These days, Haas and his service dog Gracie come back to the Winter Sports Clinic every year. He meets up with old friends and skies freely down the Rocky Mountains.

“Before my amputation, I used to run marathons. Now, I am just as active,” he explained. “I consider myself a walking success of these events.”

About the author: Eve Neisen is a public affairs specialist with VA’s Office of Public Affairs.

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Published on Mar. 29, 2017

Estimated reading time is 3.1 min.

Views to date: 79


  1. RAFAEL A DEJESUS RAMOS March 31, 2017 at 11:16 am

    When I read this article, just minutes ago, I was so inspired to the point where I said to myself, I’m ready to go back to the VA Hospital (Miami VA Medical Center, which I stopped going well over a year ago because they were not providing their best interest of health care services in my opinion. Having gone through five surgeries on my lower back, and the many other conditions, including one of great concern; the cervical, which I have not received any care of the condition that it’s in, I am really looking forward to this Dr’s services he’d provide to the gentleman, Mr Haas, as was commented on this article. I’m hoping that I can receive the same treatment, where I can get my life back together.

  2. Victor Selers March 29, 2017 at 3:14 pm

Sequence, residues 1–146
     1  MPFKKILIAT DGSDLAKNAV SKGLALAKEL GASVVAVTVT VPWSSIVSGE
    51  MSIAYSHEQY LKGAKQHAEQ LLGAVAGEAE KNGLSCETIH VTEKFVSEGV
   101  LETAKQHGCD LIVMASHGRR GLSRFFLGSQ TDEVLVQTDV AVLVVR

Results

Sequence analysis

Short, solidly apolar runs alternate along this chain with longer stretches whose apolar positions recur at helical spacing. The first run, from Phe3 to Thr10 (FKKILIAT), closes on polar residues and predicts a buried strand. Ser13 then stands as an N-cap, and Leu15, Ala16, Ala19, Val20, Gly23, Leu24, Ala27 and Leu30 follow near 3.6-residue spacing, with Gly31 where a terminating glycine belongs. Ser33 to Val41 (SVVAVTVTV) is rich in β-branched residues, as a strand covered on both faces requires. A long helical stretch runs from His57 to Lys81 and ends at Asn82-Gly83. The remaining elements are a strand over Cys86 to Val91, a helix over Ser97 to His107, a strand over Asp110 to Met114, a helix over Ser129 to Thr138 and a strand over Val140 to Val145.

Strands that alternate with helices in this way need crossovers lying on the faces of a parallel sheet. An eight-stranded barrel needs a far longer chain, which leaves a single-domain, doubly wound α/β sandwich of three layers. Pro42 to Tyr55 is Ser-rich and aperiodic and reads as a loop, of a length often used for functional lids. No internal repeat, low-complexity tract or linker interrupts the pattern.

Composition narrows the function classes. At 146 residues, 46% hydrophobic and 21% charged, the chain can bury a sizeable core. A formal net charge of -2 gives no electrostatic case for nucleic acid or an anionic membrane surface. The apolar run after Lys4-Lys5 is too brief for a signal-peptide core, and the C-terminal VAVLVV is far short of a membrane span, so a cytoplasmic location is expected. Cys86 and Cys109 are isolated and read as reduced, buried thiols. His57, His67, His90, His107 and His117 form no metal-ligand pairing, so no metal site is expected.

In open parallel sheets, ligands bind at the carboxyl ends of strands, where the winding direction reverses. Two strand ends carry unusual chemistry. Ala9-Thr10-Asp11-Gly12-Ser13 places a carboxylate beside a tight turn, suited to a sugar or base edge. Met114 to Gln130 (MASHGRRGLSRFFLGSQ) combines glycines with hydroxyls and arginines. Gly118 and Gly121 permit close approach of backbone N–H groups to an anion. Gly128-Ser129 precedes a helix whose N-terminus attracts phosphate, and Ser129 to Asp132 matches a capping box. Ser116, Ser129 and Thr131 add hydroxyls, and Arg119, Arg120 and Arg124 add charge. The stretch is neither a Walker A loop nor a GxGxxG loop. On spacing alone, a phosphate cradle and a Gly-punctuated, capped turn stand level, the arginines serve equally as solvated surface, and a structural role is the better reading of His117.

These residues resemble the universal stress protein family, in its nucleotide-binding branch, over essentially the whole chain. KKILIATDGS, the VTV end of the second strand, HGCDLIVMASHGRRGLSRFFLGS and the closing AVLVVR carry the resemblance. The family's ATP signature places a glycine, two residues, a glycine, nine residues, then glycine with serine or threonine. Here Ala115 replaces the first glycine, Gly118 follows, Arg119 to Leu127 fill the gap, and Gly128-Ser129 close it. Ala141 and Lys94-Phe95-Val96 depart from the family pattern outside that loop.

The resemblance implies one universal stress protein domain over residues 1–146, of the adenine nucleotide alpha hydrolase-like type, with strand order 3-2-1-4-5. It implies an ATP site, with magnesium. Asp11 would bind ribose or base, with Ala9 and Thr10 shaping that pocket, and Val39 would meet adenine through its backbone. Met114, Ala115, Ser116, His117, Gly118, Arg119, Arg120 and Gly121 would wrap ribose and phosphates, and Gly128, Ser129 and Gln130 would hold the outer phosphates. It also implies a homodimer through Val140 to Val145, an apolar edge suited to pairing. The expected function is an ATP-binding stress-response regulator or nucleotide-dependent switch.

This a great story with a happy ending, but how long did Bob suffer before a doctor (Dr. Shulkin) came along? Is Dr. Shulkin the only one out of thousands of other doctors that get it? He seems to be, and that is the real problem with the VA. There are lots of doctors, but very very few that would make it in civilian medical practice. Makes me feel that they should be kept at the VA and not turned loose on the general public. Some students are straight “A” students and some pass with ” C average and below” and those go on to work at the VA. They seem to be C average and below in college, and that is the only caliber of Doctor I ever got while in the Army. The ones that didn’t “get it”, and as a result, 20+ vets everyday take their own lives as a result. There is no standard to live up to, no level of competence needed, no accountability or responsibility level for medical staff to be held to, so they retain the “A” average attorneys to defend the incompetent medical staff. Why is that? Why could only 1(one) Doctor help Bob? How many years did he suffer before meeting Dr Shulkin? Acupuncture was probably the only treatment he received before Dr Shulkin came along. Acupuncture is the VA’s new cure all because it’s cheap. It does nothing, but it is cheap, and the new sugar pill, but cheaper. The VA is caught up in the “cheap” factor because it will not do the right thing, the first time, and will not learn from mistakes. It has the “C average disease”, and refuses to take treatment for it. It refused to help thousands of us, and still does, with the “rocks for brains” leaders in control. Maybe with haveling a real doctor we can start the healing process and help instead of refusing “help”.